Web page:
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Hearing Your Healthcare Workers: Tips For Establishing Two-Way Communication in Wellbeing Efforts

Hearing Your Healthcare Workers: Tips For Establishing Two-Way Communication in Wellbeing Efforts

Photo by ©Thomas Barwick/Getty Images

Actively involving your staff in developing and implementing your hospital’s professional wellbeing initiatives creates a supportive work environment and builds trust in the organization’s leadership.1

Healthcare workers feel heard and valued when you make their input and collaboration a priority. Healthcare workers who have the opportunity to participate in workplace decisions and who trust management are less likely to feel burned out.2

Here are some strategies you can use to cultivate employee engagement:

Foster open dialogue from the start

Set expectations from the beginning that staff are encouraged to participate in decision-making processes related to wellbeing efforts. From the initial announcement about the hospital’s commitment to professional wellbeing, highlight the important role that staff input will play throughout the initiative.

Establish two-way communication mechanisms

Healthcare Professional raising their hand

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Implement systems for collecting ideas and feedback from healthcare workers on a regular basis. This could include methods such as surveys, suggestion boxes, one-on-one conversations during leadership rounding, or town hall meetings. Encourage participation by providing mechanisms for anonymous feedback.

You should also let your staff know their feedback has been heard and you are taking action in response. Share hospital leaders’ plans to bolster professional wellbeing and regularly invite feedback on them.

Make shared governance a priority

Actively involve healthcare workers in decision-making processes related to professional wellbeing at every stage of planning and implementation. This could be through healthcare worker representation on the team advancing professional wellbeing activities at your hospital, or a dedicated advisory committee composed of staff who want to be involved.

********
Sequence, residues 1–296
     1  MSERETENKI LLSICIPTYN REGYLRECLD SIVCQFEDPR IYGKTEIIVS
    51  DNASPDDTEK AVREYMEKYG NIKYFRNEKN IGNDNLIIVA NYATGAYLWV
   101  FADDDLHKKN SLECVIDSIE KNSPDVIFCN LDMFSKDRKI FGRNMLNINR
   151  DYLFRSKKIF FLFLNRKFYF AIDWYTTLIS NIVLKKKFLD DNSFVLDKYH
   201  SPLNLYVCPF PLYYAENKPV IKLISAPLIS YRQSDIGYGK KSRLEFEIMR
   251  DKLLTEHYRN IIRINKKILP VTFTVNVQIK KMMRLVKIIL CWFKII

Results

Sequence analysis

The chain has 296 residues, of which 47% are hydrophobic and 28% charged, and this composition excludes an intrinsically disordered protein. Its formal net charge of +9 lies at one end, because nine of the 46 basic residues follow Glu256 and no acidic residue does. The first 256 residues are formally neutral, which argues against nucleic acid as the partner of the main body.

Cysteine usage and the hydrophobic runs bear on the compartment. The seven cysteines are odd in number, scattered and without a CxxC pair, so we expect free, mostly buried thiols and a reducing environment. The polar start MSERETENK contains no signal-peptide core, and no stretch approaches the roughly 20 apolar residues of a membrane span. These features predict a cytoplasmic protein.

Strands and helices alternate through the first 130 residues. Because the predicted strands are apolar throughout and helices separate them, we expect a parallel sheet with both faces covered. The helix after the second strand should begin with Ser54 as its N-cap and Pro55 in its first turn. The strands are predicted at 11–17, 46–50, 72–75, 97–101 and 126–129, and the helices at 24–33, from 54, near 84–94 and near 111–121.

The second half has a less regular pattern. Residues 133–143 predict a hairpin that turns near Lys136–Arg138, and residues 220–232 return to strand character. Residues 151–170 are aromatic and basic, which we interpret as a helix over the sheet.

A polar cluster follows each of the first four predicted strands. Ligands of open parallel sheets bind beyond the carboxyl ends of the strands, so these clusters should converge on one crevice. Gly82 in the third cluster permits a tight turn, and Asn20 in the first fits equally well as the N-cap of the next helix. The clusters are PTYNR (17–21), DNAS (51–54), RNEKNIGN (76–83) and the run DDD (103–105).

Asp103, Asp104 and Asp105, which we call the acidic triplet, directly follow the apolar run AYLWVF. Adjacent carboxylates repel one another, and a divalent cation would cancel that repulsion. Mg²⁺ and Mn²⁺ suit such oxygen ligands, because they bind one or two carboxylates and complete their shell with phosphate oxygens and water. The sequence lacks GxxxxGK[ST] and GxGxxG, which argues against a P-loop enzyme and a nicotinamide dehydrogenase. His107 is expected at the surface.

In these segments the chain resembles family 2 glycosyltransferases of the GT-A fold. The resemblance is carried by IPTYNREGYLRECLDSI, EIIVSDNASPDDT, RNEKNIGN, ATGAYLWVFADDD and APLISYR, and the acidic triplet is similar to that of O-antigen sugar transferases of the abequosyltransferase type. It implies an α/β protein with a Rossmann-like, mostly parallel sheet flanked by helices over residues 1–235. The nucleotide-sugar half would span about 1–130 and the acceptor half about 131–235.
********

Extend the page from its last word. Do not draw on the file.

Ensure transparency and responsiveness

Publish regular progress updates to keep staff informed and engaged over time. Share how decisions were made with staff input. Respond promptly and effectively to any concerns raised.

Build trust through consistency

Demonstrate consistency, reliability, and follow-through on commitments made to your staff. Doing what you said you would do builds trust and confidence in organizational leadership. Engage mid-level managers and supervisors to play a role in communicating with their staff and gathering input related to their professional wellbeing.

Cultivate champions and support networks

Identify potential role models on your staff when it comes to professional wellbeing and recruit them to help lead the way for the rest of the organization. Consider creating hospital-wide support networks or peer support groups where healthcare workers can connect with colleagues, share experiences, and provide mutual support in navigating challenges related to wellbeing and burnout.

Recognize staff contributions and involvement

Acknowledge and appreciate the healthcare workers who invest time to actively contribute to professional wellbeing efforts. You could highlight key staff through methods like formal recognition programs, newsletter features, or staff meeting announcements.

Healthcare Professionals in a conversation

Photo by ©Thomas Barwick/Getty Images

Learn more

Refer to Action 4 in the Impact Wellbeing™ Guide for more ideas and examples of how to engage in two-way communication with your staff.

1 Centers for Disease Control and Prevention [2018]. Health communication playbook: Resources to help you create effective materials. Atlanta, GA: Centers for Disease Control and Prevention.

2 Nigam J, Barker RM, Cunningham T, Swanson N, Chosewood LC [2023]. Vital signs: Health worker–perceived working conditions and symptoms of poor mental health — Quality of worklife survey, United States, 2018–2022. MMWR Morb Mortal Wkly Rep 72(44):1197–1205